NCPA - National Center for Policy Analysis


October 11, 2005

Oklahoma government officials routinely understate the cost of public education because of ineffective school accounting systems, says the Oklahoma Council of Public Affairs (OCPA).

The main reason is that unlike private-sector businesses, the government's school accounting systems exclude many significant costs. Indeed, underestimating costs deceives taxpayers, misleads government officials who initiate legislation and deprives students of educational financial equity, says OCPA.

The real cost of Oklahoma's public education system is substantially higher than what the official government reports reveal:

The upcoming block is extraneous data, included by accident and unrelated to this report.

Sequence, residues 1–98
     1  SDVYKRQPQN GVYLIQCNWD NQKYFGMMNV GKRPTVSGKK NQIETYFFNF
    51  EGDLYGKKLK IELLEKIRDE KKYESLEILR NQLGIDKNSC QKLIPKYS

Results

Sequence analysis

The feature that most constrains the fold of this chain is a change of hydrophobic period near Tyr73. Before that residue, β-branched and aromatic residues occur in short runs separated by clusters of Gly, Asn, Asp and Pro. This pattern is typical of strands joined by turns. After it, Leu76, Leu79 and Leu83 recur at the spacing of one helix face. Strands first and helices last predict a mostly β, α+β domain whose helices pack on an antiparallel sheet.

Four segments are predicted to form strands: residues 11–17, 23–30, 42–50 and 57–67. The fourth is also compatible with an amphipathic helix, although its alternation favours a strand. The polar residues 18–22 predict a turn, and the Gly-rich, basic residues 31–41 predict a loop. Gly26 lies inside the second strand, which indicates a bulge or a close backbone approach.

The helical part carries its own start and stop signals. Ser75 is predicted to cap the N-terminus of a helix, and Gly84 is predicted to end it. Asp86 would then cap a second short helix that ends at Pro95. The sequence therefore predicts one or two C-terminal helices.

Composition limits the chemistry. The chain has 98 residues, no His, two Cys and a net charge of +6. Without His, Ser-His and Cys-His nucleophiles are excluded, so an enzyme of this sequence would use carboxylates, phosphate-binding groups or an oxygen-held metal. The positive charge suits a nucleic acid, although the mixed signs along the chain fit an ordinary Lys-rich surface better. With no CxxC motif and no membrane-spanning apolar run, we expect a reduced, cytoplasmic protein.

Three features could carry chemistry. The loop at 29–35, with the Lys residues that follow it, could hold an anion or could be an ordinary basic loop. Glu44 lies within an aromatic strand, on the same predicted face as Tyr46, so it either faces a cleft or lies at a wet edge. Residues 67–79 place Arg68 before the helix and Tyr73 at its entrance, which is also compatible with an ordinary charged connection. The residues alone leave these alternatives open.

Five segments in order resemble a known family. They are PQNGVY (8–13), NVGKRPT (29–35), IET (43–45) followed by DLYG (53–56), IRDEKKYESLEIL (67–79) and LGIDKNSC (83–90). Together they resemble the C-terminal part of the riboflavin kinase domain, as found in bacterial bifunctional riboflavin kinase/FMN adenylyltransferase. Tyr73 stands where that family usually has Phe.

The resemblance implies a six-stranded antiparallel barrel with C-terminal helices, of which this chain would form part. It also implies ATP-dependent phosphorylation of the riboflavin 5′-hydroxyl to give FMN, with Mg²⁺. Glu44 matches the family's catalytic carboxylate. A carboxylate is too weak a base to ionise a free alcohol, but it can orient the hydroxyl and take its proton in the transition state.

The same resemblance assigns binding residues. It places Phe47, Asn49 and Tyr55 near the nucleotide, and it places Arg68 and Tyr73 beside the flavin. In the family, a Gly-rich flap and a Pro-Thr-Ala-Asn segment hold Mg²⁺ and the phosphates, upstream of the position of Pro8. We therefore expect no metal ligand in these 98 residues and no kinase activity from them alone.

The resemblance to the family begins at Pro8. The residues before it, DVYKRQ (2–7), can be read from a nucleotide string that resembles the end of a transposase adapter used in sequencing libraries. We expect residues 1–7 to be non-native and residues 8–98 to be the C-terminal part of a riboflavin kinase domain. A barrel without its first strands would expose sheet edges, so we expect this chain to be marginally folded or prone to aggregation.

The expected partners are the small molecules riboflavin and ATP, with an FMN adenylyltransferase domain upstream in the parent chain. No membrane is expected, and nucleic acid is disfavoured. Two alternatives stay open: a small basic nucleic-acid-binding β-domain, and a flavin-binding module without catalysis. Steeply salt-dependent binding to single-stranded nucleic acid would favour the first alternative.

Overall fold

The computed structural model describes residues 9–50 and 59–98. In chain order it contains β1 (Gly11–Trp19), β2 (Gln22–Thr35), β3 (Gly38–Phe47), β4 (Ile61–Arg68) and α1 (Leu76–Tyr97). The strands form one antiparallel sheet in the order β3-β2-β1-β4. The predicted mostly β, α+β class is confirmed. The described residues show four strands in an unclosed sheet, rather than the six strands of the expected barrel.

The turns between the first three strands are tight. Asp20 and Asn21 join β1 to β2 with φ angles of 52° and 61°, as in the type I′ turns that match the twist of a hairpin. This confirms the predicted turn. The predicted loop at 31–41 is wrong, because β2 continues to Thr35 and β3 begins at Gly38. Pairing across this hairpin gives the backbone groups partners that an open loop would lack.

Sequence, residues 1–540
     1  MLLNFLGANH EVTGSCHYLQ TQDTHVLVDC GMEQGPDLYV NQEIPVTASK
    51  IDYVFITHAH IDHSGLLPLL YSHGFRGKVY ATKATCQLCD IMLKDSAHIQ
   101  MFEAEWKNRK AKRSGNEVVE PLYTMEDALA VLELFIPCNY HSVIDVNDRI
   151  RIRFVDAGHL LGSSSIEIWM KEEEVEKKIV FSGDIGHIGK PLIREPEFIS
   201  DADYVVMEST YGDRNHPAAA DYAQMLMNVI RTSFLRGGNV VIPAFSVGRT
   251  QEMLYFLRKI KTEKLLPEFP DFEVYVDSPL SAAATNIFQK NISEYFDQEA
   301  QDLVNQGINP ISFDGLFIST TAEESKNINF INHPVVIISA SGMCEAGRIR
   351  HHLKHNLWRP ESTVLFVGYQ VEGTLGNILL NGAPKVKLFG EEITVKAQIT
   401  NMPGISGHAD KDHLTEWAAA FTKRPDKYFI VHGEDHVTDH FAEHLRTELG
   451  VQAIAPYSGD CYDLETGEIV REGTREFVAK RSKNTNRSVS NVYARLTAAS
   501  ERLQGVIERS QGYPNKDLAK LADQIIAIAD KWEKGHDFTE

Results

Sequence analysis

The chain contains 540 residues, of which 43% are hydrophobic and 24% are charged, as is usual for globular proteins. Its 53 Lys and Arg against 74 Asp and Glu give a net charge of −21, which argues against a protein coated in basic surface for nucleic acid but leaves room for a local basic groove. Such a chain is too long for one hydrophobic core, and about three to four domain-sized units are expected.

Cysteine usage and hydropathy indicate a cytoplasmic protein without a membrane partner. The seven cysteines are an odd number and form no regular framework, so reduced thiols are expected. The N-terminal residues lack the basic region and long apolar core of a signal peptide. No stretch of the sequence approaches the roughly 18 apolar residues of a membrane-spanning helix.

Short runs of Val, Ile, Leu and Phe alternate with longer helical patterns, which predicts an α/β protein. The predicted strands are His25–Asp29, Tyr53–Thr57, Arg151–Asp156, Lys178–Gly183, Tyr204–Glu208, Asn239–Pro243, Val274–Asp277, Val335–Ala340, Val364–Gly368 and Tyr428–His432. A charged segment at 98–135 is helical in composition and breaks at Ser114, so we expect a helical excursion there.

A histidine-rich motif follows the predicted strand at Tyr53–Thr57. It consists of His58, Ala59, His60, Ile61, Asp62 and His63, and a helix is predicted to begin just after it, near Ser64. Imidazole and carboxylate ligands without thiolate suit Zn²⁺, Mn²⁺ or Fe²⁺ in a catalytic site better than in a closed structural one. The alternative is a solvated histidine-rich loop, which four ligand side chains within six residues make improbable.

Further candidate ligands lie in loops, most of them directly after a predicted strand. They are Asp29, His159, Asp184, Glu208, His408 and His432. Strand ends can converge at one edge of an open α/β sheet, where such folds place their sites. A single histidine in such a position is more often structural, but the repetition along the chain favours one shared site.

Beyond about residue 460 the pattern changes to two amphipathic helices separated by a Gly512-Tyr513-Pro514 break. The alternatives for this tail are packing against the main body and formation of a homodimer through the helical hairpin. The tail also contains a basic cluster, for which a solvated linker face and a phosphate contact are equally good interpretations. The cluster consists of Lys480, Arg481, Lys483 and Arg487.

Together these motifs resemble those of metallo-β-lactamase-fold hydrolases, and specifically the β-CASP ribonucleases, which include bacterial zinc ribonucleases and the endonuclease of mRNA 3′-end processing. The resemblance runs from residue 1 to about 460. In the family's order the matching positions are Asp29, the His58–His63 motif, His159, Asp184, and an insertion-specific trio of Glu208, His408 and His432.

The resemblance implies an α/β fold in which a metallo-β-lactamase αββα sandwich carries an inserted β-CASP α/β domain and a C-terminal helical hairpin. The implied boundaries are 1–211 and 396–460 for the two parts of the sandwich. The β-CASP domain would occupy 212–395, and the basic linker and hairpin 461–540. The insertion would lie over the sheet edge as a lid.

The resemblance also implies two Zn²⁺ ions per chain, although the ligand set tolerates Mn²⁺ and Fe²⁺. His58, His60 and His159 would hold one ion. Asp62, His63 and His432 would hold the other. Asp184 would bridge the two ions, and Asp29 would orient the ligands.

• In the budget book of Gov. Brad Henry, local and county revenues for schools in 2003 totaled $765 million, but the federal government's National Center for Education Statistics (NCES) puts the figure at nearly double that amount -- $1.36 billion.
  • Using NCES data, per-pupil expenditures for 2003 increase from $6,429 to $7,194.
  • But if generally accepted accounting principles (GAAP) are used, the rate jumps to $11,250.

GAAP should be used because it gives a much more accurate picture of the costs of education by including previously omitted benefits, says OCPA.

Source: Steven J. Anderson and Brandon Dutcher, "Education in Oklahoma: The Real Costs," Oklahoma Council of Public Affairs, August 2005.


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